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Things to do in Moscow

Bathe in the Moscow River

Don't be taken aback if any of Moscow's public pools insist on a spravka, or doctor's certificate, before they let you take to the water - it's not personal; everyone has to show one. Instead, take a dip in the Moscow River at Serebryany Bor, a popular beach spot 20km (12 miles) north of the city.

Enjoy a show at the Moscow Art Theatre

Confusingly, the city has two art theatres. Head to the city's preeminent space, Chekhova Moscow Art Theatre (tel: +7 495 629 8760; www.mxat.ru), named in honour of Anton Chekov, who premiered many works here. The American studio sometimes stages English-language performances of Russian classics, with seats a fraction of the price expected of such a world-renowned theatre.

Glide through Gorky Park

You can't escape the cold in the freezing winter months, so do as the Muscovites do and get your skates on. Follow the frozen paths of Gorky Park (www.park-gorkogo.com) through trees, around paths and under bridges. Multi-coloured LED lights beneath the ice will guide your way and food stalls are always ready with refreshments.

Indulge and immerse in a beautiful banya

For a truly authentic Russian experience, consider immersing yourself in a genuine banya (sauna) at one of Moscow's many bathhouses. The baths at Sanduny (tel: +7 495 782 1808; www.sanduny.ru) are considered to be some of the best in the country and can't be beaten for their opulent surrounds.

Wander the words Dostoyevsky with a literature tour

Although the History of Russian Literature Tour (www.viator.com) sounds as heavy as a thick Tolstoy tome, don’t let the title put you off. Lively and insightful, this walking tour brings to life the Moscow of Turgenev, Pushkin and Dostoyevsky, and it may just inspire you to finally finish War and Peace.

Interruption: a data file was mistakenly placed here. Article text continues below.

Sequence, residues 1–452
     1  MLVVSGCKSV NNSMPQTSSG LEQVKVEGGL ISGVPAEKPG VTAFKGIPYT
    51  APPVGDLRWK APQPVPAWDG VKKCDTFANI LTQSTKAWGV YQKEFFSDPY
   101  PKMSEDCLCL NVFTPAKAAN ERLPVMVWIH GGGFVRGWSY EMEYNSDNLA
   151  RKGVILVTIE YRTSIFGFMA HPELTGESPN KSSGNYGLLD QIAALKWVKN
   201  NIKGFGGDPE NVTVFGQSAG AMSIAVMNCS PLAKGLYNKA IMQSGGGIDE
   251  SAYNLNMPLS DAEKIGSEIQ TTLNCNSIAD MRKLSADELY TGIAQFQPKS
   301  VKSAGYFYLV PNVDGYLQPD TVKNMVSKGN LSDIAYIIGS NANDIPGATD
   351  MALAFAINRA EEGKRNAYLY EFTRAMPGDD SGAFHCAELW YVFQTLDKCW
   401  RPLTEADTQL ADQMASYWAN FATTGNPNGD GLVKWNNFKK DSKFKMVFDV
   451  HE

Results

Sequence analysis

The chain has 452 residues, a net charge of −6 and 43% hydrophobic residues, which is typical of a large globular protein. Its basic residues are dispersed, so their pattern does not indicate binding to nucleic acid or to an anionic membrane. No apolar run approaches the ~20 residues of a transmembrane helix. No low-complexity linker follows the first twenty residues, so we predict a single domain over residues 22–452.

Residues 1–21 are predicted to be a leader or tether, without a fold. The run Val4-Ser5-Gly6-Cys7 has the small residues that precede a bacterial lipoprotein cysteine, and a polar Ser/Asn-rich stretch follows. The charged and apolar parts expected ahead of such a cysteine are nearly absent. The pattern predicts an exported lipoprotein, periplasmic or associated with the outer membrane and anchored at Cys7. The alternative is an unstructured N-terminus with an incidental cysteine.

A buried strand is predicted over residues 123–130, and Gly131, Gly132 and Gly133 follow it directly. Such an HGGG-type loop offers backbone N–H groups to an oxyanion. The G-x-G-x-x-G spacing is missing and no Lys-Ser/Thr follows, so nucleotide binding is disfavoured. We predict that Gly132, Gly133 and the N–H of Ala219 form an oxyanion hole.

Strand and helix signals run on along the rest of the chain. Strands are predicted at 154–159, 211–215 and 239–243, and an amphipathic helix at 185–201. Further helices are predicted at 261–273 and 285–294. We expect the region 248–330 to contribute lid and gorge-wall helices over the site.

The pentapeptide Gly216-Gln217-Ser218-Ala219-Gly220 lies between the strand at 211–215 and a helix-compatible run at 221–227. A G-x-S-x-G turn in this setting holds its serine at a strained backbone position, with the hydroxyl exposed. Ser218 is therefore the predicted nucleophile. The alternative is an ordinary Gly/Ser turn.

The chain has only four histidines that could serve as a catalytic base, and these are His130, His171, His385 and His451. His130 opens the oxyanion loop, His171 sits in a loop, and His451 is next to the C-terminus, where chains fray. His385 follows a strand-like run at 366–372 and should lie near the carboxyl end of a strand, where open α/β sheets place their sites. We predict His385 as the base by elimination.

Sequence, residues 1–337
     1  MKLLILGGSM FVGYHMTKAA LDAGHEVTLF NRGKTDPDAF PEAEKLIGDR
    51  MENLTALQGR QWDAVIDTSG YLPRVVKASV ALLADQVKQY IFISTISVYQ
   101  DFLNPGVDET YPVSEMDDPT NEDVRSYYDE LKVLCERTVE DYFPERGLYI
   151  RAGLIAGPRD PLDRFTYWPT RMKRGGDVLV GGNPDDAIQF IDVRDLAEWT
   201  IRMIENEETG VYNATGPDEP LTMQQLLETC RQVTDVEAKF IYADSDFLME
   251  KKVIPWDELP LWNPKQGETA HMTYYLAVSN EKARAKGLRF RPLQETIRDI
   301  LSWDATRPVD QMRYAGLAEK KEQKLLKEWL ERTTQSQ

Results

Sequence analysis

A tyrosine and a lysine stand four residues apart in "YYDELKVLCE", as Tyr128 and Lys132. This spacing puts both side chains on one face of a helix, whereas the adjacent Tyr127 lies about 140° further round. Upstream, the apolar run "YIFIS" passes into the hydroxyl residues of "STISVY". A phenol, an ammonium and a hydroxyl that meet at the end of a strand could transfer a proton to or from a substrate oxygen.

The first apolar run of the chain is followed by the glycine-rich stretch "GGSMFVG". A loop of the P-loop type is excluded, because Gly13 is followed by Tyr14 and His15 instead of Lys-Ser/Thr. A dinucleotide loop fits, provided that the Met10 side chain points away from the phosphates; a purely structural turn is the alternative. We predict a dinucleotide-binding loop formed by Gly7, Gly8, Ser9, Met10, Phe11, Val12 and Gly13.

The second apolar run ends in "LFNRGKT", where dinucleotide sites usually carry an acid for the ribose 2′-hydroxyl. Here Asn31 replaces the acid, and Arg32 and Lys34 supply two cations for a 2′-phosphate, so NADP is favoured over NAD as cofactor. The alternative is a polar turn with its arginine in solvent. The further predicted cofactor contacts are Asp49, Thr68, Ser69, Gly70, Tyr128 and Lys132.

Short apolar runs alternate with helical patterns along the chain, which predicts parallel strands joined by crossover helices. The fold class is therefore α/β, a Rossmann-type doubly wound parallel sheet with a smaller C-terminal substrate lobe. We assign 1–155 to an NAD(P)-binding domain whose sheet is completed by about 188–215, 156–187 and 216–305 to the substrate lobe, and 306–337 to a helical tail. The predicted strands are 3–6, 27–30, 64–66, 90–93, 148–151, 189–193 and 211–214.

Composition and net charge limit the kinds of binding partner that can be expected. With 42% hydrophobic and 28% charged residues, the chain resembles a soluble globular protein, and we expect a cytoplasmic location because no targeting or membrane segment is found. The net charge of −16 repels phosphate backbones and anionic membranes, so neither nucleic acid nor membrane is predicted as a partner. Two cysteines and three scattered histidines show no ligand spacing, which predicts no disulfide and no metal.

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Hotel Danilovsky

It's hard to imagine a more atmospheric place to stay than the 12-century precincts of the historic Danilovsky Monastery. Set amidst chapels and gardens, the hotel is a modern construction, but the rooms are comfortable and all have a view of the stately monastery buildings. There's a sauna and bar onsite too.

Hotel National

With perhaps the perfect Moscow location, overlooking the Kremlin, Hotel National offers a unique blend of history and luxury. Frescoed ceilings, Damask wallpaper, oil paintings and antique furniture all add to the classic Russian baroque experience. The best rooms afford splendid views of the Kremlin, and all have all the expected mod-cons, including Wi-Fi.

Swissôtel Krasnye Holmy

This eye-catching modernist hotel looms above the Moscow River. The most expensive rooms have sweeping views towards the Kremlin and the Seven Sisters, but they can be found from the hotel's rooftop bar too. There are 233 sleek rooms, all with flatscreen TVs and Wi-Fi access. There's also a spa, pool, gym and an organic restaurant.

Hotel Baltschug Kempinski

Facing the Kremlin across the Moskva River, the opulent Baltschug Kempinski is elegance incarnate. Rooms are lavish, with flowing drapes, piles of soft linen and every imaginable convenience, but it's the views of domes and spires across the river that steal the show. There's a plush restaurant with a view of St Basil's, plus a swish spa too.

Izmailovo (Gamma-Delta)

Constructed to accommodate visitors to the 1980 Olympics, the concrete towers of the Izmailovo boast a staggering 8,000 rooms. Institutional in atmosphere, and located far out in the northern suburbs, the hotel is handy for the enormous Izmaylovo Market and has decent city centre links. There are several onsite restaurants and in-room Wi-Fi is available too.

Peking Hotel

Built in 1956 as a little sister to Stalin's Seven Sister skyscrapers, and intended as post-war headquarters for the secret police, Moscow's Peking Hotel is a heritage hotel with a small 'h', in a good location just northwest of the centre. Although slightly old-fashioned, its 130 rooms are comfortable enough, with satellite TV and en-suite bathrooms.